A third term for President Obama? Impossible you say. Unconstitutional you say. True. The 22nd Amendment says, “No person shall be elected to the office of President more than twice.” In 1947 FDR had just been elected to an unprecedented fourth term. After twelve years in office, political cronyism was so deeply ingrained in public law and philosophy that Congress called a Constitutional Convention for the purpose of proposing the 22nd Amendment; subsequently ratified by three-fourths of the states and enacted into law.
So how can President Obama seek a third term? Well, the Constitution also says in Article II, Section 1 that, “No person except a natural born Citizen. . . shall be eligible to the Office of President.” How’s that one been working out for ya? We will no doubt be hearing much more about that should Senator Ted Cruz (R-TX) seek the presidential nomination, but that’s another story for another day.
Two weeks ago the Washington Post ran an article by Jonathan Zimmerman, a professor of history and education at New York University, entitled “End Presidential Term Limits.” It was by no means the first time the issue has been raised. Last January the Western Center for Journalism published an article asking, “Is Obama Planning a Third Term?” The author observed that even after his re-election, President Obama was still attempted to solidify his 47% dependency base — as has now been further evidenced by his support of current populist issues such as the striking McDonald’s workers, his calling for a increase in the minimum wage, extension of the unemployment entitlements due to expire at the end of this month, plus amnesty for illegal aliens. You can add to this his continued political campaigning while serious problems such as the destruction of the private health care insurance industry, nuclear proliferation by Iran and North Korea, pending debt limit debate, record unemployment, etc., go unattended.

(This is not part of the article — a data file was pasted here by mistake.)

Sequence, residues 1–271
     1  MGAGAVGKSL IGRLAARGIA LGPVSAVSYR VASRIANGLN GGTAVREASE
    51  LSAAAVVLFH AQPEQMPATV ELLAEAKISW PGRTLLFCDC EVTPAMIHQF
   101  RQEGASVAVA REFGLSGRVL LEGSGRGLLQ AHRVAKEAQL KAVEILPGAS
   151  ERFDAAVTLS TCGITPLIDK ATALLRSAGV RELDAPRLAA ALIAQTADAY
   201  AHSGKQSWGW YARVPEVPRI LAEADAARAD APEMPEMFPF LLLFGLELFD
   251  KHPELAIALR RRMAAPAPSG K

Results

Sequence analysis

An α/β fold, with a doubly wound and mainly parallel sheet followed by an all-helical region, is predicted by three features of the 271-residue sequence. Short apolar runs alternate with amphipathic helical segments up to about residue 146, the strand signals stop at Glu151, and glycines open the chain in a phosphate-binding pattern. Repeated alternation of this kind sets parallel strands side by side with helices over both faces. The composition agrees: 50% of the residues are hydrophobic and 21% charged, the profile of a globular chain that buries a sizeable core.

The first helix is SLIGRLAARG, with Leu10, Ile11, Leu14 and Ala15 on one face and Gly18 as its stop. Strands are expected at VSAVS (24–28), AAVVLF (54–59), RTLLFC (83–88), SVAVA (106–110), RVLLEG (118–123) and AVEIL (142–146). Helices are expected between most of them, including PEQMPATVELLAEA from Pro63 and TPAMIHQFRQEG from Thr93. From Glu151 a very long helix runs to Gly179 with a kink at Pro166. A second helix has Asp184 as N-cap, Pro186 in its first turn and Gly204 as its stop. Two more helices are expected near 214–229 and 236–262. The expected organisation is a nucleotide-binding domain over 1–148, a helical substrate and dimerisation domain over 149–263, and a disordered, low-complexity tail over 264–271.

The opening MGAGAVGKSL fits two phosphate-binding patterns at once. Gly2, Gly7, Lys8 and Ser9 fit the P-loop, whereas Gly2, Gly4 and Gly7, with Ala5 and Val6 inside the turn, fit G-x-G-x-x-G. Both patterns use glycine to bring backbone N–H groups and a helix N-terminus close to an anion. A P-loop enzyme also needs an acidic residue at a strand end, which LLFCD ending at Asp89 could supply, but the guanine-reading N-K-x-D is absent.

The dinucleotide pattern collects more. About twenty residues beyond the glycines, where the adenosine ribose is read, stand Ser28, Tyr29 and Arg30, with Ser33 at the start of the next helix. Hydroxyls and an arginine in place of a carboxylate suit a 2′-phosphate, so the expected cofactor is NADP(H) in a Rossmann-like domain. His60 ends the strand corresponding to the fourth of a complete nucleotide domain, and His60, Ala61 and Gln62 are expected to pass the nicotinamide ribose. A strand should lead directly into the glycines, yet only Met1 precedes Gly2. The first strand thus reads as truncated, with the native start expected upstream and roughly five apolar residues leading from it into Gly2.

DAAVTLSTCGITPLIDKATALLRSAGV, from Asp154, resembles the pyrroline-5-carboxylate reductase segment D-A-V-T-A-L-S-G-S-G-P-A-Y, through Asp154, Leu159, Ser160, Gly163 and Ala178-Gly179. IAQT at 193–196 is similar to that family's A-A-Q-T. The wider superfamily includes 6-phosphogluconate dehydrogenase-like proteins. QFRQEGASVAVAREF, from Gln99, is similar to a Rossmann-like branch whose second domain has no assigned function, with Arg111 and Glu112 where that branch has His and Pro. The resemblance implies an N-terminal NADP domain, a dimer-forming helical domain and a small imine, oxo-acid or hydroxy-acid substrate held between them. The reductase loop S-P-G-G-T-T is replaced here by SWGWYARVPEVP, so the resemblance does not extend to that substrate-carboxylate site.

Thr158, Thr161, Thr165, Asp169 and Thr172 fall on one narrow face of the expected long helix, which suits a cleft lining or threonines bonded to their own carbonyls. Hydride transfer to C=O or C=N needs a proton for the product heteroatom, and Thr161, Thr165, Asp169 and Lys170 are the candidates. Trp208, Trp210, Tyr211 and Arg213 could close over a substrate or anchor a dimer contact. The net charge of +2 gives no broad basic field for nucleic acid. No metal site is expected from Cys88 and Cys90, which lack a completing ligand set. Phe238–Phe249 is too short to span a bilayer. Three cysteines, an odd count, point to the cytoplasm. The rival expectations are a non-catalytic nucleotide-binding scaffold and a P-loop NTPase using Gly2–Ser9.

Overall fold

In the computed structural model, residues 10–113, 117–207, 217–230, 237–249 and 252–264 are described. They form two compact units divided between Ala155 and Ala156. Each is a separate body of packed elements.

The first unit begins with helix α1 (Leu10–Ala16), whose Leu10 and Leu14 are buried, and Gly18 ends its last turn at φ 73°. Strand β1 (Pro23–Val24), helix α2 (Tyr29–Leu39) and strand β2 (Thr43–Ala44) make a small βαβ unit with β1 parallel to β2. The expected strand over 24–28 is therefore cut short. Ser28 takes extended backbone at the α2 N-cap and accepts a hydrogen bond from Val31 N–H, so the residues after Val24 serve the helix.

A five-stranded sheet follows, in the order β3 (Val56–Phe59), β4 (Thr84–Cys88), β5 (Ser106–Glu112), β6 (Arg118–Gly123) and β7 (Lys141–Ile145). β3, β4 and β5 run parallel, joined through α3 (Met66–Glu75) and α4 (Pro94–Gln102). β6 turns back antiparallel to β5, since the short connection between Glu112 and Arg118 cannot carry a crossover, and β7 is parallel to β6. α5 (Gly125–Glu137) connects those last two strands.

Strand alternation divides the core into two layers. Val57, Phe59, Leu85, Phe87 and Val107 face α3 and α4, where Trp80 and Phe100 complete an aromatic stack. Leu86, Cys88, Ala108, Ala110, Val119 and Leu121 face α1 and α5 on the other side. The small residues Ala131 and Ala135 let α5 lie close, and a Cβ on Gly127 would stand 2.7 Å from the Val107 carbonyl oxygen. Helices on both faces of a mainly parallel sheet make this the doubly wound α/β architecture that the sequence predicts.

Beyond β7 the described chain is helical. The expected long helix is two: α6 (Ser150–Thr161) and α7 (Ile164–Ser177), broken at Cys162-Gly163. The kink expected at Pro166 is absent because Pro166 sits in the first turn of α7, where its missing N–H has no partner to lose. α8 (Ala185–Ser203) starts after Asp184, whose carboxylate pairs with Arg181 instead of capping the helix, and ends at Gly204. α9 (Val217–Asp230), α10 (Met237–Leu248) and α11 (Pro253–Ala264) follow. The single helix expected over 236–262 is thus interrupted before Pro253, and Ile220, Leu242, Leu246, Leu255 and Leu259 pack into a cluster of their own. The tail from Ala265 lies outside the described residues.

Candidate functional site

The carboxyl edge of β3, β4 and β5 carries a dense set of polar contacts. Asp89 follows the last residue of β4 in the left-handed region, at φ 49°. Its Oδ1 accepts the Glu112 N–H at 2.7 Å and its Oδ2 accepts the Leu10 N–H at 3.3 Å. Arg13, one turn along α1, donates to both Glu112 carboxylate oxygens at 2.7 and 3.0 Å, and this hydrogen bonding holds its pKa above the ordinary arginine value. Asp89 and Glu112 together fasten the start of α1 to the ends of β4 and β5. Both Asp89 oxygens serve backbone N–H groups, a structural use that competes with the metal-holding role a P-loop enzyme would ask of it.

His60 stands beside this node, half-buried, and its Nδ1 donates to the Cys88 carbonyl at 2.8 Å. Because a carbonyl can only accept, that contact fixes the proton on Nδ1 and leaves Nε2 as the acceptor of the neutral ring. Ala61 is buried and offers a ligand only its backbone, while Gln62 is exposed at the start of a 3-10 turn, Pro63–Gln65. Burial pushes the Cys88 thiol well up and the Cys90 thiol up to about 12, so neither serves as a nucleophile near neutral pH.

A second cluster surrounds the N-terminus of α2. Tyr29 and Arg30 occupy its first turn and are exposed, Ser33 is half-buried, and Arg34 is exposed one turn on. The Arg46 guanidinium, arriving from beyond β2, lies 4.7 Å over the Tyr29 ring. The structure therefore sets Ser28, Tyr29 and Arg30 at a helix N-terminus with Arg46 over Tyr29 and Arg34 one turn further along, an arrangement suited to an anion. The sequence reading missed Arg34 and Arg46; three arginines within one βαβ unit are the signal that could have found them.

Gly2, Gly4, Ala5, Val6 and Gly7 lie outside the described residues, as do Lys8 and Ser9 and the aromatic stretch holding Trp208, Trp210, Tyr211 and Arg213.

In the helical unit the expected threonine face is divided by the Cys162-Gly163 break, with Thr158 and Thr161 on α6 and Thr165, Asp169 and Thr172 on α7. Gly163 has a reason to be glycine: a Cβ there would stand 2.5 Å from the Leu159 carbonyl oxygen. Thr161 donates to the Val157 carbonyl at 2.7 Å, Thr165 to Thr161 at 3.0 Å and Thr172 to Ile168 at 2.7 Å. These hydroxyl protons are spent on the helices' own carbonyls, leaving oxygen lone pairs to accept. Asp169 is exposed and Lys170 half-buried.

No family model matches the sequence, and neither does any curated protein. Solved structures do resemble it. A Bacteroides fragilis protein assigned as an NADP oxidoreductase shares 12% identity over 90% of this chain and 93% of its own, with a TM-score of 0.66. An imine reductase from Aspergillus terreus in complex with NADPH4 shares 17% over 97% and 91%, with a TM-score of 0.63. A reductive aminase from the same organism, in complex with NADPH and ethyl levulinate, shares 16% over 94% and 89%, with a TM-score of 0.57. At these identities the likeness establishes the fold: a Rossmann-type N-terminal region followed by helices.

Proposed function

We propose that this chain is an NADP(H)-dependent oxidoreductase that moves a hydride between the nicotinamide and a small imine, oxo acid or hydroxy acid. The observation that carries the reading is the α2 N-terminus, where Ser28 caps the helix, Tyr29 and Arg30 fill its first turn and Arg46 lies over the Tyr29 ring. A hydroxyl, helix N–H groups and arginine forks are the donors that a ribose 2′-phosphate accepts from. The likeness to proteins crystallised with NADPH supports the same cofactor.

So what about the 22nd Amendment? How could he do that? No problem. The first week of December the House Judicial Committee held a hearing on Presidential Constitutional Violations, and what might Congress be able to do about it. Judiciary Committee Chairman Bob Goodlatte, (R-VA) set the stage by stating, “President Obama has blatantly disregarded the Constitution’s mandate to faithfully execute the laws. He has changed key provisions in Obamacare without congressional approval, failed to enforce our immigration and drug laws, and ignored his constitutional duties for the sake of politics.” The Committee invited four constitutional scholars to make recommendations as to how such Presidential actions could be curbed. The panel included Jonathan Turley, Professor, George Washington University Law School; Nicholas Rosenkranz, Professor, Georgetown University Law Center; Simon Lazarus, Senior Counsel, Constitutional Accountability Center; and Michael Cannon, Director of Health Policy Studies, Cato Institute. Within 20 minutes of calling the meeting to order, all Democrat members left the chamber, which might be construed as being indicative of their lack of interest in the subject at hand.
Congressman Trey Gowdy (R-SC) raised the point that if President Obama can violate other laws of his choosing, can he also violate election laws? And if so, is there anything Congress can do about it? The answer from this esteemed panel of experts: Yes and No. Yes, as we have seen, this president can and does violate enacted legislation with impunity. Is there anything Congress can do about it? No. Is Congressional impeachment a possibility? No, not under the present control of the Senate.
So, if Congress is helpless, what remedy remains? The panel concluded that the only remedy available rests in power of the ballot box. As I have pointed out in my previous four articles on government sanctioned voter irregularity, this has become a greatly weakened power.
So is a third term for President Obama a distinct possibility? You betcha!Don't forget to Like Freedom Outpost on Facebook and Twitter, and follow our friends at RepublicanLegion.com.